The economic landscape in Bhutan witnessed a significant shift in 2022 as the trade deficit soared to approximately Nu 78.24 billion (bn), marking a staggering increase of 99.28% compared to the deficit of Nu 39.26 bn recorded in 2021. These revelations come from the National Accounts Statistic Report for 2023.
This escalating trade deficit accounted for a noteworthy 34.35% of the country’s Gross Domestic Product (GDP). After adjusting for inflation, the real trade deficit in 2022 witnessed a substantial increase of 58.54% compared to the 25.04% trade deficit recorded in 2021, representing a 33.49% point surge in real terms.
The surge in the trade deficit is primarily attributed to a decline in the export of goods and services in 2022, registering a contraction of -8.10%. This decrease of 9.14% points compared to 2021 contributed significantly to the trade deficit. The export of goods, in particular, experienced a negative growth rate of -8.34%, accounting for 96.79% of the total export. On the other hand, the export of services constituted a smaller share, at 3.21%, and continued its contraction for the third consecutive year, with a -0.32% decline in 2022.
In terms of value, the total export of goods and services at current prices amounted to approximately Nu 58.75bn in 2022, representing 25.79% of the GDP. This marked a decline of 3.41% points compared to the previous year.
Conversely, the total value of imports of goods and services at current prices surged to about Nu 137bn in 2022, a significant increase from the Nu 99.02bn recorded in 2021. This increase accounted for 60.14% of the GDP.
Among these imports, goods held the larger share at 84.32%, while services accounted for the remaining 15.68%. The growth rate of imports of goods and services accelerated to 17.14% in 2022, marking an 8.18% point increase from the 8.96% growth observed in 2021. Notably, imports of goods saw a substantial increase of 44.06%, while services imports grew by 5.21% compared to 2021.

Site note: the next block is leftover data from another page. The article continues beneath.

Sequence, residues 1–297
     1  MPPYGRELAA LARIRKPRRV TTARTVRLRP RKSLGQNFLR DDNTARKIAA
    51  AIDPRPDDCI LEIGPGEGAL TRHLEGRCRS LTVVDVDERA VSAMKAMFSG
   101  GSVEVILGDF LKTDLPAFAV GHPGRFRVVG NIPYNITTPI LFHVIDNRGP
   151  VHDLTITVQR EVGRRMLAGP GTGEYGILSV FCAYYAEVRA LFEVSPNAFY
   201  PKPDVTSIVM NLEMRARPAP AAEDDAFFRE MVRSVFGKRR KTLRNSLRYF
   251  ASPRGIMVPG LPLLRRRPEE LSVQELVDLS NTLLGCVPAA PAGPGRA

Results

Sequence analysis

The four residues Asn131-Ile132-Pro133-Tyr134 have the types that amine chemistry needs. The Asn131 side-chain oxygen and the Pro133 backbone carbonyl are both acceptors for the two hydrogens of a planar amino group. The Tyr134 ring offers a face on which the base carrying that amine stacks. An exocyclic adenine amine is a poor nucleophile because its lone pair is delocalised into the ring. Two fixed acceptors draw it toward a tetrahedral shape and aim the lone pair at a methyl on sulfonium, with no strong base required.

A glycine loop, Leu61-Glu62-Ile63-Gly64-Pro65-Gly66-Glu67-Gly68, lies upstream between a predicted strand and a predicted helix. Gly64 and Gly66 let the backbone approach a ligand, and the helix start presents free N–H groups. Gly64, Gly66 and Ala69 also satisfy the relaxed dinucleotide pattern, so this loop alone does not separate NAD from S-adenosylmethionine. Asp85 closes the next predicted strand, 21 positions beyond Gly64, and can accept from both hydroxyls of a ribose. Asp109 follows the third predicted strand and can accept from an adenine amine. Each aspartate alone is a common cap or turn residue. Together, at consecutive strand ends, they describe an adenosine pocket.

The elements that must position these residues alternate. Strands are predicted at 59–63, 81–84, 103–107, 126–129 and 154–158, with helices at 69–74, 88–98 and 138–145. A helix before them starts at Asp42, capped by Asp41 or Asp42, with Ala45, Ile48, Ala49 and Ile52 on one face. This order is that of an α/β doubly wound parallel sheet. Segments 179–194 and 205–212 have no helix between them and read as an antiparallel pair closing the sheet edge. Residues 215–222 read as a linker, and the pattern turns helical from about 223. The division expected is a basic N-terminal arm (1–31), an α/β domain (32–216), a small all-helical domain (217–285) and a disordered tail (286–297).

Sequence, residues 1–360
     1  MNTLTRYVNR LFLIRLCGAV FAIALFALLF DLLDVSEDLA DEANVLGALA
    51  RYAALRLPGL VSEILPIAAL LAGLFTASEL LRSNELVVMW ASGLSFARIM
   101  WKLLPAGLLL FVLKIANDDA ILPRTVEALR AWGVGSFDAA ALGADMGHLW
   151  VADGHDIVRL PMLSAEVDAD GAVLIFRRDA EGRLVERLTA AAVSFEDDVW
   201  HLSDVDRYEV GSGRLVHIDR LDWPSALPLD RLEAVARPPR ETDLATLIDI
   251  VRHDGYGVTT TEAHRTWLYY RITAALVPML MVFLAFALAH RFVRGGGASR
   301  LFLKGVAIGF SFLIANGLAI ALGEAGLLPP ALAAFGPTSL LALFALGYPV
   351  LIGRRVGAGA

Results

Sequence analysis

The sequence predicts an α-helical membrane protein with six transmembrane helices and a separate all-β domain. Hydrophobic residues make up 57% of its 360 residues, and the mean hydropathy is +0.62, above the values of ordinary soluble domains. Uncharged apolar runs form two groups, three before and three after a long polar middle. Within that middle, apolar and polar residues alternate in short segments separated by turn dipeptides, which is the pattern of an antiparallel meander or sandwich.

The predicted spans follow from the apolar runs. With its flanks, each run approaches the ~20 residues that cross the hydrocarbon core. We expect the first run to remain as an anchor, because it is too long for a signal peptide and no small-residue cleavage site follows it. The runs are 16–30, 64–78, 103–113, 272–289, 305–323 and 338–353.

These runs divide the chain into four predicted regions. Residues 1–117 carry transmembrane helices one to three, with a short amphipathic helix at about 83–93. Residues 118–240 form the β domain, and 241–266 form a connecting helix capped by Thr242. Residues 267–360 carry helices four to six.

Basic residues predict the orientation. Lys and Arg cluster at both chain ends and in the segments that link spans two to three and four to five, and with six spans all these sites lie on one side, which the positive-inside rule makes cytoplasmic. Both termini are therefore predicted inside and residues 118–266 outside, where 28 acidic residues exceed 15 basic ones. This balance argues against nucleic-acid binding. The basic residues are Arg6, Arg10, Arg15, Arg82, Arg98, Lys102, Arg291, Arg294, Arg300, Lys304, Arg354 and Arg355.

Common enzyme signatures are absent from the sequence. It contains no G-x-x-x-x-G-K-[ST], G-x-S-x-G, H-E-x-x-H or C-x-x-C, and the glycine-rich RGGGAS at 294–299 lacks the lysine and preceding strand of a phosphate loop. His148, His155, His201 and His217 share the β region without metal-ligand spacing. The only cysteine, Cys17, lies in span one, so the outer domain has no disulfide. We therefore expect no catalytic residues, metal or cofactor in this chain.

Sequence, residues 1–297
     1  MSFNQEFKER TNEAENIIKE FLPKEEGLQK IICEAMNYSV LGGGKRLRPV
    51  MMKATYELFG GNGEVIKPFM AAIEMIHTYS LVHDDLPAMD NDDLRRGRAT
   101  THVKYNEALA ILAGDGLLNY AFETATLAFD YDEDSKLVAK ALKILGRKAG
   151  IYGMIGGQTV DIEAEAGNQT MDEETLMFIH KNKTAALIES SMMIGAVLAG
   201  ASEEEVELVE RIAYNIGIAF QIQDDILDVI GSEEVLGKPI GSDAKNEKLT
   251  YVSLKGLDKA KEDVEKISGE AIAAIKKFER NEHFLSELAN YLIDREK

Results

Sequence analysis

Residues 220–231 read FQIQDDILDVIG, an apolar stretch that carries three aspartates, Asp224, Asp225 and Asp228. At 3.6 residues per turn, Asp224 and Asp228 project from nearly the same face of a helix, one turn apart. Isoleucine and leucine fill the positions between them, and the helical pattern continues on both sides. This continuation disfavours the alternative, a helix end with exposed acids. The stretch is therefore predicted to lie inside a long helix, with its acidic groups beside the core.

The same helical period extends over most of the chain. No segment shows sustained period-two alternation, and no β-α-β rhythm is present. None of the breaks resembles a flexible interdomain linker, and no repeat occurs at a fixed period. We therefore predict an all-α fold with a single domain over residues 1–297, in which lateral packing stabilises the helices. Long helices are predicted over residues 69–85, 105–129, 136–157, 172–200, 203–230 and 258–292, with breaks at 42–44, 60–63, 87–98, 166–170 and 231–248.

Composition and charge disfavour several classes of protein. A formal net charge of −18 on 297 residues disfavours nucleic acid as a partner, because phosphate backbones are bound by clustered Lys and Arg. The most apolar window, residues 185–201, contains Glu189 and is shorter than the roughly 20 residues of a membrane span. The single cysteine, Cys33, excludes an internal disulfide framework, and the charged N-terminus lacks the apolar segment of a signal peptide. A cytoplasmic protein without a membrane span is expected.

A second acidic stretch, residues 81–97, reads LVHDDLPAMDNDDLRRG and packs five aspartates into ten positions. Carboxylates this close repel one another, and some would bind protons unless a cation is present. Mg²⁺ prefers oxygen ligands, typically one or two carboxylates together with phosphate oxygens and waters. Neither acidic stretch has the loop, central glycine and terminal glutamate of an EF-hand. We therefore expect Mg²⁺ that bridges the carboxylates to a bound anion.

The National Accounts Statistic Report, which focuses on the GDP by expenditure or final demand approach, emphasizes three key economic aggregates: Final Consumption Expenditure (FCE), Gross Domestic Capital Formation (GDCF), and exports and imports.
Final consumption expenditure (FCE) registered a 3.10% increase in 2022, compared to a mere 0.17% growth in 2021, marking a 2.92% point increase. In nominal terms, FCE amounted to Nu 178.98bn, representing 78.57% of the GDP for 2022. Private final consumption expenditure of households and non-profit institutions serving households (NPISHs) accounted for 73.25% of FCE in 2022.
Private final consumption expenditure experienced a robust growth rate, surging to 5.55% from a negative -2.41% in 2021. At current prices, private final consumption expenditure reached approximately Nu 131.10bn in 2022, making up 57.55% of the GDP, an increase of 5.43% points compared to the previous year.
In contrast, government final consumption expenditure (GFCE) constituted 26.75% of the total final consumption expenditure, down by 0.04% points from its share of 30.31% in the previous year. At current prices, GFCE was estimated at about Nu 47.88 bn in 2022, making up 21.02% of the GDP. However, it witnessed negative growth of -2.32% in 2022, a stark contrast to the 6.37% growth seen in 2021, representing an 8.69% point decrease.
The Gross Domestic Capital Formation (GDCF) experienced a remarkable resurgence, growing by 28.84% in 2022 after three consecutive years of contraction. This marked an 8.88% point increase compared to the previous year, contributing 13.15% points to the GDP growth for the year. The construction sector held a significant share within GDCF, accounting for 41.09% and recording a growth of 17.84% in 2022.
The upswing in construction investment is attributed to increased government expenditure on construction projects and the easing of pandemic-related restrictions in the sector. Investment in machinery and equipment also saw robust growth, with a 41.30% increase in 2022, an increase of 4.93% points compared to 2021.
The surge in the trade deficit and changes in various economic aggregates signals a shifting economic landscape in Bhutan, with challenges and opportunities to navigate in the coming years.
Sherab Dorji from Thimphu